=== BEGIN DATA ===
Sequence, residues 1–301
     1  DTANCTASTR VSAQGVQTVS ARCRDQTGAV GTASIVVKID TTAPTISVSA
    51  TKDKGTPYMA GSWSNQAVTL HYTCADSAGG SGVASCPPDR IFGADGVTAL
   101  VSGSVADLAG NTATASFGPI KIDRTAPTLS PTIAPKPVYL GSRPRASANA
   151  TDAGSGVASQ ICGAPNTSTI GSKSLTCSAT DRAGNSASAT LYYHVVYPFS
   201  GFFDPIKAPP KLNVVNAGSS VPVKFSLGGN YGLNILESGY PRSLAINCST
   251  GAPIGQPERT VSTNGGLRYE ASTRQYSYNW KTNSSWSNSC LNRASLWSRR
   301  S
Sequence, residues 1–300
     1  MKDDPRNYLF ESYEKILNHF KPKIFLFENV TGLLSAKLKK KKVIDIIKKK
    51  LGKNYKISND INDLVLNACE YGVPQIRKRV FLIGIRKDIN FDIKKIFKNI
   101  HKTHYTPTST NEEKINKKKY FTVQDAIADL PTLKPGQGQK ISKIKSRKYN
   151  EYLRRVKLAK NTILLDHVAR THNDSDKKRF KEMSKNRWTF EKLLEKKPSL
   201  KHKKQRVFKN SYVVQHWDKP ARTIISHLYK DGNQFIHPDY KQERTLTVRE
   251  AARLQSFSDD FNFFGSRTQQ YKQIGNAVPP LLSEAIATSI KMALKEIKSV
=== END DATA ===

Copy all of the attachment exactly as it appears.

Sequence, residues 1–301
     1  DTANCTASTR VSAQGVQTVS ARCRDQTGAV GTASIVVKID TTAPTISVSA
    51  TKDKGTPYMA GSWSNQAVTL HYTCADSAGG SGVASCPPDR IFGADGVTAL
   101  VSGSVADLAG NTATASFGPI KIDRTAPTLS PTIAPKPVYL GSRPRASANA
   151  TDAGSGVASQ ICGAPNTSTI GSKSLTCSAT DRAGNSASAT LYYHVVYPFS
   201  GFFDPIKAPP KLNVVNAGSS VPVKFSLGGN YGLNILESGY PRSLAINCST
   251  GAPIGQPERT VSTNGGLRYE ASTRQYSYNW KTNSSWSNSC LNRASLWSRR
   301  S
Sequence, residues 1–300
     1  MKDDPRNYLF ESYEKILNHF KPKIFLFENV TGLLSAKLKK KKVIDIIKKK
    51  LGKNYKISND INDLVLNACE YGVPQIRKRV FLIGIRKDIN FDIKKIFKNI
   101  HKTHYTPTST NEEKINKKKY FTVQDAIADL PTLKPGQGQK ISKIKSRKYN
   151  EYLRRVKLAK NTILLDHVAR THNDSDKKRF KEMSKNRWTF EKLLEKKPSL
   201  KHKKQRVFKN SYVVQHWDKP ARTIISHLYK DGNQFIHPDY KQERTLTVRE
   251  AARLQSFSDD FNFFGSRTQQ YKQIGNAVPP LLSEAIATSI KMALKEIKSV